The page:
Art is objective. One man’s trash is another man’s treasure, but yet in a weird, meta way does the fact that I’m really finding it hard to big up Velvet Buzzsaw perhaps mean I’m just like any of the awful, pretentious characters in this film?
Why didn’t I like this film that I am seeing mostly positive reviews for? Did I just not ‘get it’? Perhaps it’s because my expectations were so high? The last time Dan Gilroy, Jake Gyllenhaal and Rene Russo teamed up it was for Nightcrawler, which was just brilliant. I was expecting more of the same. It’s not. Pegged as a Horror/Comedy, I assumed it would be blacker than black, turns out it was glaringly obvious and as in your face as a Jackson Pollock piece.
But it’s certainly not your typical horror and yes, I realize how contradictory I sound. It starts out looking like a smirking satire of the modern-art world; devious gallery owners, a pompous critic, embarrassingly try-hard artists, and many more pretentious stereotypes all telling each other how brilliant they are, while bitching about them behind their back and looking for the next big thing or any other way to get themselves ahead in the business. Of course, these people they hate and use are their only friends.
Then fate comes to the door of one of the clique, Josephina (Zawe Ashton). At first, I thought she was going to be our heroine, the ‘final girl’ and a character with some redeeming qualities. That wasn’t to be the case. After finding the body of her neighbour on the landing of their apartment building which in turn makes her late for work, she is fired by her boss, Gallery owner and former member of the punk band Velvet Buzzsaw, Rhodora Haze (Rene Russo). Turns out her dead neighbour, Vetril Dease, was an artist of magnificent talent and his whole apartment was secretly filled with his creations, plus he had no friends or family to pass it on to—result for Josephina! However, it was his dying wish that all of his work be destroyed and that no-one should have possession of it (except him, as in literally possessing it in a supernatural sense). As if Josephina would give two hoots about the wishes of a dead stranger, (I doubt she’d respect the wishes her own dead mother) and so, with vengeance and one-upsmanship on her mind, the rush for her to climb the ladder of the art world and to profit from the dead man’s art begins. News travels quickly within the bubble they exist – everyone wants a piece of this pie and will die for it.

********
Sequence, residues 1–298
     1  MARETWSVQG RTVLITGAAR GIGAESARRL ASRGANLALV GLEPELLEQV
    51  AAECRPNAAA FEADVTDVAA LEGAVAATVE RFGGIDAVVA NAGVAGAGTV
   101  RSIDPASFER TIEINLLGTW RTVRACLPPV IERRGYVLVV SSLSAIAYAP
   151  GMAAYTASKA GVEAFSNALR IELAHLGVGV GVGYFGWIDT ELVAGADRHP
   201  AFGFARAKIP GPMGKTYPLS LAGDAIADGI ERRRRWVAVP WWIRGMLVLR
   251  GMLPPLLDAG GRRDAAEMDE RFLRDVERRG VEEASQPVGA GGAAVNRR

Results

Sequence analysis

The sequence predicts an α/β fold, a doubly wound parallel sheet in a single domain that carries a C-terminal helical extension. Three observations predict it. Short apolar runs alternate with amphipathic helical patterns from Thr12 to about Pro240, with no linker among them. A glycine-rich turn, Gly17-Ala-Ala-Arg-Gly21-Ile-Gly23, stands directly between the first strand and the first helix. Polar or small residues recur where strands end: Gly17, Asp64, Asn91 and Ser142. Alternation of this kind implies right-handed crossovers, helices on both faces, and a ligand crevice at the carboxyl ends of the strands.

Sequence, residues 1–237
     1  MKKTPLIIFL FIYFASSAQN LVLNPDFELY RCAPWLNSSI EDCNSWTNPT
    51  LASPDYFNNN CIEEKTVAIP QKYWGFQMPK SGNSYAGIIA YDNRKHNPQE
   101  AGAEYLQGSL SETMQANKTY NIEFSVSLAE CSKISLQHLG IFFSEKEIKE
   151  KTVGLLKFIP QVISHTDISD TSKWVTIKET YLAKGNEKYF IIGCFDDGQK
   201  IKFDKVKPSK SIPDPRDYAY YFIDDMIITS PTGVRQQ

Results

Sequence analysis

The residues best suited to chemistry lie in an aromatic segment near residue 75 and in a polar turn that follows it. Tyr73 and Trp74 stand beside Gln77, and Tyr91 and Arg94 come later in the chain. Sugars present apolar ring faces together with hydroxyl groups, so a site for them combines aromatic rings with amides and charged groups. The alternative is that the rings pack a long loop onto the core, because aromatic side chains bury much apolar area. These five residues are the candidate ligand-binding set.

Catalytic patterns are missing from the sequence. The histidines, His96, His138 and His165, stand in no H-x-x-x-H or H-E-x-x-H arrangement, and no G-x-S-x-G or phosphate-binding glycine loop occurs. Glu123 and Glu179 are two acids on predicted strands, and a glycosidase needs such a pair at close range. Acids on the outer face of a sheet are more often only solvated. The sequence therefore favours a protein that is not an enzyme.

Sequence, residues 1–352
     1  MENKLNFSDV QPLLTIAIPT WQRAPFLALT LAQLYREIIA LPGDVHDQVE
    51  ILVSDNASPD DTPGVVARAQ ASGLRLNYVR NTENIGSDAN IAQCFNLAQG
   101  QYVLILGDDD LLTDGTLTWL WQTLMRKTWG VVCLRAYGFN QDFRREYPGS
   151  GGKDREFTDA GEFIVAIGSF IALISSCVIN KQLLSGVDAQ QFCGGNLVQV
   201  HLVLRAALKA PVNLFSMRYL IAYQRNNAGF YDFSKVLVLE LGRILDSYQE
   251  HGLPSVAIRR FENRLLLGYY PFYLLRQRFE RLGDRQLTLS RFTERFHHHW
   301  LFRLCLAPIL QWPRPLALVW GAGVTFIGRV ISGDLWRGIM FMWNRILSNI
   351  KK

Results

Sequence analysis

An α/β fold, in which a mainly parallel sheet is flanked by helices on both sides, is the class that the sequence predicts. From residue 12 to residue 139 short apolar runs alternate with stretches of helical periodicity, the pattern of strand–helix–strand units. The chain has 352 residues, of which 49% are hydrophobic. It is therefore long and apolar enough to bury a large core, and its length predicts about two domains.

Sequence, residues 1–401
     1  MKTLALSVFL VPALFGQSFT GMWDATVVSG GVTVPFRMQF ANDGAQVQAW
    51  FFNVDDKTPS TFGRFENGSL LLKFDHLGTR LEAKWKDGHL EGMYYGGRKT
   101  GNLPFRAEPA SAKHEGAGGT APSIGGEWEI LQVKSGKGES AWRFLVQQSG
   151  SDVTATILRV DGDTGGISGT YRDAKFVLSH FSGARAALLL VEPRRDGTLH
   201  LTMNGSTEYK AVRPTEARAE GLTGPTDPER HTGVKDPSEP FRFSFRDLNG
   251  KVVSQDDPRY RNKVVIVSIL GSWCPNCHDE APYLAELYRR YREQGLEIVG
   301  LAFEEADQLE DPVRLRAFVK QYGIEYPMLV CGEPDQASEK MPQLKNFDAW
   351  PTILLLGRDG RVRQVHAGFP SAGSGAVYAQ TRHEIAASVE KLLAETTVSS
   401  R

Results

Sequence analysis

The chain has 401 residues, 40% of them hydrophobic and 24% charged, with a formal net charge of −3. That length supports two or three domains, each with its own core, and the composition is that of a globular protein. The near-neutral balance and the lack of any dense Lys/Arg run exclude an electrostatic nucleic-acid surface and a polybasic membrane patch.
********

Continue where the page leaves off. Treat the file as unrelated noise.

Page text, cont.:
That’s when the film takes a bit of a surprising turn and goes full Slasher movie but without a real protagonist. We do learn a little about Vetril Dease as Vandewalt assigns himself to a project researching his life. He learns that Dease’s mother and sister died in a fire when he was a boy, and after serving in the war, he brutally murdered his abusive father, after which he was institutionalized in a high-security psychiatric hospital for most of his life. Upon release, he became a recluse. But that’s it, we don’t get to know the man behind the paintings any more than that. The manner of the killings isn’t meant to be unraveled like some puzzle box, the lack of conclusion given to Dease’s story is proof of that. There’s no foreboding masked figure like Jason Voorhees or Mike Myers here, or a signature style. The art itself is the stalker, taking over whatever medium it wants; paintings, sculptures, even a robot exhibit. All the awful people are picked off one by one in a variety of ways, but man, this is really could have been done so much better.
It doesn’t quite reach the dizzy heights of Final Destination as it would like but borrows some elements such as the total inevitability of the deaths, the “no mercy, no escape” aesthetic and the darkly comic tone to the way in which they die. I’ll always be the first to argue that Horror films—especially those with a ghostly protagonist—should leave more to the imagination, but that really doesn’t work within the Slasher film blueprint. What we get here is a film with absolutely no tension. No, we don’t care who dies as they are all terrible people, so they have that trope down pat, but we just can’t relate to these people at all. We’ve all been the horny teenagers and have smoked and got drunk underage, so we’d all be ripe pickings for Jason and The Shape would want to kill every last one of us, but that’s not the theme here. This apparently undefeatable foe would have no interest in us, so it’s just not scary.
What should happen next to at least keep us entertained, is the massacre of all these characters in a grotesque and hilarious manner. Yes, they all die creatively but we barely see anything happen at all, we just hear their deaths as the shot pans away. I’m not missing the point here, I know that this is art – I know that my interpretation of what happens to them will be different from the next persons. I am not ghoulish. I don’t particularly enjoy watching people being butchered, but that is part of what Horror is—experiencing something so over the top and out of the realms of reality that you can’t help but laugh. Velvet Buzzsaw is over the top in all the wrong ways—the intentionally camp overacting, the implausible storyline, the silly effects of faces in paintings moving, grease monkeys coming to life—the kind of thing last seen in A Night at The Museum and Ghostbusters 2. The victims barely even put up a fight! What fun is a Slasher when the hunted barely run a few feet before dying off-screen?